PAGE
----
Why Big Caloric Deficits and Lots of Activity Can Hurt Fat Loss

Let’s talk about cortisol, I’m going to take a guess and assume that most people have heard of the hormone Cortisol, it does get bounded about a lot in the field of fat loss and composition. However there is a lot of misinformation regarding cortisol. Lets keep this simple Cortisol is a stress hormone. It is released by the body when under all kinds of stress. Generally cortisol gets a bad rap. Cortisol is a very important hormone and in short pulses at the right time it’s a good thing. High concentrated release on the other hand can be a bad thing.

Struggling to get into peak shape?

Our natural circadian rhythm dictates that cortisol is released in the morning our get you up get you going hormone. Morning cortisol release helps promote fat mobilisation. In the presence of high insulin levels cortisol tends to promote fat accumulation. In part this is one of the reasons some suggest not having carbs with breakfast. Dieting and exercise are stressful, the longer we diet the lower we reduce our foods, the more we train the more stress we have. This is one reason why most struggle to get into the shape you need to compete, massive calorie deficits, extra training, excessive cardio etc lead to massive raises in cortisol and in return muscle loss and fat burning stops. High cortisol will also lead to water retention another reason why you wont hit your peak. At Absolute training and nutrition we can run tests, to check cortisol levels.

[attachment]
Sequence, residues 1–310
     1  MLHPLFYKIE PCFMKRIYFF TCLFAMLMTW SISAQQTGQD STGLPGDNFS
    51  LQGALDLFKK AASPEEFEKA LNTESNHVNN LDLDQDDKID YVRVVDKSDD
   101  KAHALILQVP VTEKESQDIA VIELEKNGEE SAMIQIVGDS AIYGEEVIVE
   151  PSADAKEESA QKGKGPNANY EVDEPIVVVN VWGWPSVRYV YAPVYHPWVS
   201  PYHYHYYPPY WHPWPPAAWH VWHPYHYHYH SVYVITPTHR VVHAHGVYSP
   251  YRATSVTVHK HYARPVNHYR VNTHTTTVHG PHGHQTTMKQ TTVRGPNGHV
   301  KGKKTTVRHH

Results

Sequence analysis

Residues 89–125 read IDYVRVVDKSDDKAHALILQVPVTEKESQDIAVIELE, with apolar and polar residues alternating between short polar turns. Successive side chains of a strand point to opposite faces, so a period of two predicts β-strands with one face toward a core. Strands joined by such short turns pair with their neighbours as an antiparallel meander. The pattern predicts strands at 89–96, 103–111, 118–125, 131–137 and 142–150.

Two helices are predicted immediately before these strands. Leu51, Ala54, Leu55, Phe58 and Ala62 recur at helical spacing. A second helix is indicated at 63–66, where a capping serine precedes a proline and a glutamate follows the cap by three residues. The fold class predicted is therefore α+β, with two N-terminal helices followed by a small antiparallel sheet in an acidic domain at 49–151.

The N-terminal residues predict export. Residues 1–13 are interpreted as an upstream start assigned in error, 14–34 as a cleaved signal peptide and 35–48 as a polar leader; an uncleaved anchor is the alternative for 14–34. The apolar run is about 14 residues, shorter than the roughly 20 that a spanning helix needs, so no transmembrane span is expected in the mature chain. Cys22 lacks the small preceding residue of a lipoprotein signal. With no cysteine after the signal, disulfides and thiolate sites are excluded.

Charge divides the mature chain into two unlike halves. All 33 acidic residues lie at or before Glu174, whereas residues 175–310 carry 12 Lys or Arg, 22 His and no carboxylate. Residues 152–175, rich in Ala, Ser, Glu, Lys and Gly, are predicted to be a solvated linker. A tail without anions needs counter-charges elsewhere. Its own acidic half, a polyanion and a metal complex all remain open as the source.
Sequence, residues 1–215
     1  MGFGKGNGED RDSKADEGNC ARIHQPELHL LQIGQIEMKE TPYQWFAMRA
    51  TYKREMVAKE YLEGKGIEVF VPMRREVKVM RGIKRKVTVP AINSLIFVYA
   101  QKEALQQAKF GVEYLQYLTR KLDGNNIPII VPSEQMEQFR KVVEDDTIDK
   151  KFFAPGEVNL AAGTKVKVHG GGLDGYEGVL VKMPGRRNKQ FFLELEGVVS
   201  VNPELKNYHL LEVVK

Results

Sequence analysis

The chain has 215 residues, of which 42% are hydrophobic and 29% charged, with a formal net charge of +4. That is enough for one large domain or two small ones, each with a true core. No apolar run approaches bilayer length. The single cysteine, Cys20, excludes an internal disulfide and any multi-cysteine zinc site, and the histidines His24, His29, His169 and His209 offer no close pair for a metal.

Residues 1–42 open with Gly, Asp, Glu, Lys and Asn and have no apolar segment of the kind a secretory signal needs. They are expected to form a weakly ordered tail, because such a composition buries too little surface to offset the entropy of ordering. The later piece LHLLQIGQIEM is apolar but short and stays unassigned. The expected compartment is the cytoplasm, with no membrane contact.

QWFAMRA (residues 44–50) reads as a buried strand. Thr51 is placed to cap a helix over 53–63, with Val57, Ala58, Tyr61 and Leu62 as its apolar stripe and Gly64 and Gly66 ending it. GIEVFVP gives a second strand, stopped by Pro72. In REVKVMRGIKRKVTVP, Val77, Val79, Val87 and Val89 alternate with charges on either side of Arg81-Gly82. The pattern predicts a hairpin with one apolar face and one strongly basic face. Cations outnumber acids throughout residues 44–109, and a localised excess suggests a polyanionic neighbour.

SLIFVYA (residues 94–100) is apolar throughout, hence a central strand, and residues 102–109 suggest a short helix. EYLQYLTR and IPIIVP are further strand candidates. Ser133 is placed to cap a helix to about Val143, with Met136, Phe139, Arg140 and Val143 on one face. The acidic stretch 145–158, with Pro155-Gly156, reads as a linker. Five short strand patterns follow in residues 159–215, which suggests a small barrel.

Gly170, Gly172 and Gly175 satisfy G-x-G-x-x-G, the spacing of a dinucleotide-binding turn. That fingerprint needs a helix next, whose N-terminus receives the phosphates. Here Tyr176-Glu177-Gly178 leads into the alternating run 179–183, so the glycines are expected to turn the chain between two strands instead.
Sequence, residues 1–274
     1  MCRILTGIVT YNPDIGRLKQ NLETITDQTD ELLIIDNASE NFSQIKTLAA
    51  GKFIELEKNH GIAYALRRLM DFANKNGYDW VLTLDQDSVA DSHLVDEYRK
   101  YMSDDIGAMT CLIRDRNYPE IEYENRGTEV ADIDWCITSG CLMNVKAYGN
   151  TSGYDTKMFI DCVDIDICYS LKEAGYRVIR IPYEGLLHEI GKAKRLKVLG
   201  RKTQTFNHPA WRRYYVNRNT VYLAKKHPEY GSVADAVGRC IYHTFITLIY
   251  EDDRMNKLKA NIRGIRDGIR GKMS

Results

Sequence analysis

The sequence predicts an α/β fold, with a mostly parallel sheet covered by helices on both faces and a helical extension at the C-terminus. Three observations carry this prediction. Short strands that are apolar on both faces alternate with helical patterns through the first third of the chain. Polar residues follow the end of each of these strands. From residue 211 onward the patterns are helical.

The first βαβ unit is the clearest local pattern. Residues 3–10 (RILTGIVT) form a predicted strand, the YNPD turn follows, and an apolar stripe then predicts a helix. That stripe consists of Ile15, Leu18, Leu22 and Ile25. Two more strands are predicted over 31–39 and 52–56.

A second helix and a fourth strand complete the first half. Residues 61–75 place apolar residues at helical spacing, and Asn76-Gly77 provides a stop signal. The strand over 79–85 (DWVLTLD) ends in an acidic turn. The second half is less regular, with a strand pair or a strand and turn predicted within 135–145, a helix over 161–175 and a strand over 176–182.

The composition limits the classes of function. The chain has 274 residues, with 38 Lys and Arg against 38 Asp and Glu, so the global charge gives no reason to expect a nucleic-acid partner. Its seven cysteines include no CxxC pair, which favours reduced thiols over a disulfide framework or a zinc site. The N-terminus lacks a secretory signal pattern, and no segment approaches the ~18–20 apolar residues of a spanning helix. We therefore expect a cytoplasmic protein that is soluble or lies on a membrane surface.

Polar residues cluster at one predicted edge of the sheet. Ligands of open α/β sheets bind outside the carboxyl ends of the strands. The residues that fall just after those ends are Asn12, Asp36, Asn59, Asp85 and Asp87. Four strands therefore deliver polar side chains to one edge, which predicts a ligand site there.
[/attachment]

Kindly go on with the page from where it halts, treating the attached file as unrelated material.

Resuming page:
Cortisol the good and the bad boy.


Possible supplements that can help with cortisol control.

Supplement with glutamine in addition to vitamin C, glutamine may help to reduce cortisol by supplying cortisol with blood glutamine. This means that cortisol will not have to use muscle to obtain it. Sleep is massively important and under estimated in helping you build muscle and stay leaner. Cortisol is at its lowest and growth hormone is at its highest during slow wave sleep the deepest stage of sleep. Increase vitamin C intake research has shown that patients receiving 3 grams of vitamin C per day experience lower cortisol levels.